372	-------------------------
373	Need more implementation yet....
374	 - Notification completion of remove works by OS to firmware.
375	 - Guard from remove if not yet.
376	
377	--------------------------------
378	8. Memory hotplug event notifier
379	--------------------------------
380	Hotplugging events are sent to a notification queue.
381	
382	There are six types of notification defined in include/linux/memory.h:
383	
384	MEM_GOING_ONLINE
385	  Generated before new memory becomes available in order to be able to
386	  prepare subsystems to handle memory. The page allocator is still unable
387	  to allocate from the new memory.
388	
389	MEM_CANCEL_ONLINE
390	  Generated if MEMORY_GOING_ONLINE fails.
391	
392	MEM_ONLINE
393	  Generated when memory has successfully brought online. The callback may
394	  allocate pages from the new memory.
395	
396	MEM_GOING_OFFLINE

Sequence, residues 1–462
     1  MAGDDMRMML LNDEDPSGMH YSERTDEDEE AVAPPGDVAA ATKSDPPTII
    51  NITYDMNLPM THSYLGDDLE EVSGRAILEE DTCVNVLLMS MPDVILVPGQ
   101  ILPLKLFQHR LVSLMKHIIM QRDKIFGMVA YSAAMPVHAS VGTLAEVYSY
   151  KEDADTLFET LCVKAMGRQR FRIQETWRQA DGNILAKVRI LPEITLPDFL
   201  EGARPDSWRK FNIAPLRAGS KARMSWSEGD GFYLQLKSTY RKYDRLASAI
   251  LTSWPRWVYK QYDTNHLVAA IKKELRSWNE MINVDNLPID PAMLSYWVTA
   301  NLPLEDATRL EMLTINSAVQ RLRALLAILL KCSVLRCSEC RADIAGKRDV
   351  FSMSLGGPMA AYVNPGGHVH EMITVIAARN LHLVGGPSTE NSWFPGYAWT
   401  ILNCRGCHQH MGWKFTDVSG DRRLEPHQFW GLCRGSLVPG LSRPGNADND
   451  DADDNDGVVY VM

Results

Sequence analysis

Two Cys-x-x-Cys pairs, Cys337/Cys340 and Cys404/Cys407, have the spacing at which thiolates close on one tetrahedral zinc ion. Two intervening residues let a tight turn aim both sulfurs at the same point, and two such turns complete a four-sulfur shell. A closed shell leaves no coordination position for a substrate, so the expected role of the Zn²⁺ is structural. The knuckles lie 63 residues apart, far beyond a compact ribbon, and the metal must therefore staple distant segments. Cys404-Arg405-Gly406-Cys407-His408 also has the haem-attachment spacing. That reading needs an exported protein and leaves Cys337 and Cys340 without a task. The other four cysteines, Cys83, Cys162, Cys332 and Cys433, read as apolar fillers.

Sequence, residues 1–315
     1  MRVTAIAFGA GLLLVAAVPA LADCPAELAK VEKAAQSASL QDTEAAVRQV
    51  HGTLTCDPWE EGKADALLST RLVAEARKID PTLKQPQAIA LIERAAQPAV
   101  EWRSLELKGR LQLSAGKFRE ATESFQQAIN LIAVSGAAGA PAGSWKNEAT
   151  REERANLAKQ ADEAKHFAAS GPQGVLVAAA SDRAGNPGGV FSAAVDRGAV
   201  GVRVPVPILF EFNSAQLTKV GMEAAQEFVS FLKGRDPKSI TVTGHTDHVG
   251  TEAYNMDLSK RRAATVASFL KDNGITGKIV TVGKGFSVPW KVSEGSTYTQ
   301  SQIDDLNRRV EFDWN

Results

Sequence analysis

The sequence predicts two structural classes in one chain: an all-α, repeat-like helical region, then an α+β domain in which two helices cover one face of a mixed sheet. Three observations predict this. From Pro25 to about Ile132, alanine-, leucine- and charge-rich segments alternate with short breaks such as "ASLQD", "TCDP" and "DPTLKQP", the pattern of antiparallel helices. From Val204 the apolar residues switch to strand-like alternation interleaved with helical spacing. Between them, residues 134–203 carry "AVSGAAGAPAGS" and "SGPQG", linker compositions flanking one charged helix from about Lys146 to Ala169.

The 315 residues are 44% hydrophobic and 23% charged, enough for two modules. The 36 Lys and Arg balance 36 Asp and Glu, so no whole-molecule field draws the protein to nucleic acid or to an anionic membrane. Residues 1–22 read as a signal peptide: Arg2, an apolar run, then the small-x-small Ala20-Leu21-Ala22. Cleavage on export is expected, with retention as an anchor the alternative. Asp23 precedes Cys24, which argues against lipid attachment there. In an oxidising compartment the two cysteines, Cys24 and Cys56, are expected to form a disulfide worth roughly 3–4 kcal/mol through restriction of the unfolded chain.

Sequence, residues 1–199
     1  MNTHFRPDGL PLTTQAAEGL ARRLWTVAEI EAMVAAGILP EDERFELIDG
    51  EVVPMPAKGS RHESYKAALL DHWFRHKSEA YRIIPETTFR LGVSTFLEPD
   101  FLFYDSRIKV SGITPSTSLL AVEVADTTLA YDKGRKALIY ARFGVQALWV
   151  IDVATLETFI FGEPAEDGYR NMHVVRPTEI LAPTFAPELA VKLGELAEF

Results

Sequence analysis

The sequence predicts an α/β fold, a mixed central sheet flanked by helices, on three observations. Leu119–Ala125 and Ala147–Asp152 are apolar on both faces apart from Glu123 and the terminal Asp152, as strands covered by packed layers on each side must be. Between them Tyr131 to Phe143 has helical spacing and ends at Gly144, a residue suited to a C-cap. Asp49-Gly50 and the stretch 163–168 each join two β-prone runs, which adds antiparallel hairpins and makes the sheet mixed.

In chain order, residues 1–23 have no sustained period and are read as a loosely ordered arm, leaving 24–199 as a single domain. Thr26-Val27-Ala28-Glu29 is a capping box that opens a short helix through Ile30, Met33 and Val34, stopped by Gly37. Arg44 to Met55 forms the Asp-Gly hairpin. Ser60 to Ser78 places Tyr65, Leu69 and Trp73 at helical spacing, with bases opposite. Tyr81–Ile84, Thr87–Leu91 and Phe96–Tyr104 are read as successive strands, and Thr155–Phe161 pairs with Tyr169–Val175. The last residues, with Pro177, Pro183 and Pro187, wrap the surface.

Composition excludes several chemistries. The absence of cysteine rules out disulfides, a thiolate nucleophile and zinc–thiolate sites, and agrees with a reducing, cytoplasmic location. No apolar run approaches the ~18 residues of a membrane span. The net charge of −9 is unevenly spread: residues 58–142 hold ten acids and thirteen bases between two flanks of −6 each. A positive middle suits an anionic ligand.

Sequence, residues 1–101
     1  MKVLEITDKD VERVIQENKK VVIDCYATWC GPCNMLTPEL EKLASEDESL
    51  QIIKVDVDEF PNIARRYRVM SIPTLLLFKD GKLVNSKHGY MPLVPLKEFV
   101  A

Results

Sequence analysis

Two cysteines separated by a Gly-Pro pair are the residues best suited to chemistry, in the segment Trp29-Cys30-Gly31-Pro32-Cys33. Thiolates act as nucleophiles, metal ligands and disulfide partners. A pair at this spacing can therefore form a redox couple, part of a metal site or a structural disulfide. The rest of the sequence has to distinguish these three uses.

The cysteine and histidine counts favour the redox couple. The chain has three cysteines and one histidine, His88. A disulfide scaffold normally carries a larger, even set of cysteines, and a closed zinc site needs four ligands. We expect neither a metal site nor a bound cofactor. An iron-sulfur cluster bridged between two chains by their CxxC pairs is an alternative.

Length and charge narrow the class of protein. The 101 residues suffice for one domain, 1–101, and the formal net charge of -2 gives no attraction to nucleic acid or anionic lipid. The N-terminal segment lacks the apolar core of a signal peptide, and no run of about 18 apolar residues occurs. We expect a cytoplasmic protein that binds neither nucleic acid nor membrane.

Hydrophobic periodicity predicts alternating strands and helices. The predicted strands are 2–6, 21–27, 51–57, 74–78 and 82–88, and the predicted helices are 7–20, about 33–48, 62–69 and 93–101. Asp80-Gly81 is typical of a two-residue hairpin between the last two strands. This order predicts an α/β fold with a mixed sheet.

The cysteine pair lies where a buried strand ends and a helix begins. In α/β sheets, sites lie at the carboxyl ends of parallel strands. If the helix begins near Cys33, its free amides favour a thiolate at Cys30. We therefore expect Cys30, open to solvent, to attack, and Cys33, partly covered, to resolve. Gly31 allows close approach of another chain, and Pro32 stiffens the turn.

397	  Generated to begin the process of offlining memory. Allocations are no
398	  longer possible from the memory but some of the memory to be offlined
399	  is still in use. The callback can be used to free memory known to a
400	  subsystem from the indicated memory block.
401	
402	MEM_CANCEL_OFFLINE
403	  Generated if MEMORY_GOING_OFFLINE fails. Memory is available again from
404	  the memory block that we attempted to offline.
405	
406	MEM_OFFLINE
407	  Generated after offlining memory is complete.
408	
409	A callback routine can be registered by calling
410	
411	  hotplug_memory_notifier(callback_func, priority)
412	
413	Callback functions with higher values of priority are called before callback
414	functions with lower values.
415	
416	A callback function must have the following prototype:
417	
418	  int callback_func(
419	    struct notifier_block *self, unsigned long action, void *arg);
420	
421	The first argument of the callback function (self) is a pointer to the block
422	of the notifier chain that points to the callback function itself.
423	The second argument (action) is one of the event types described above.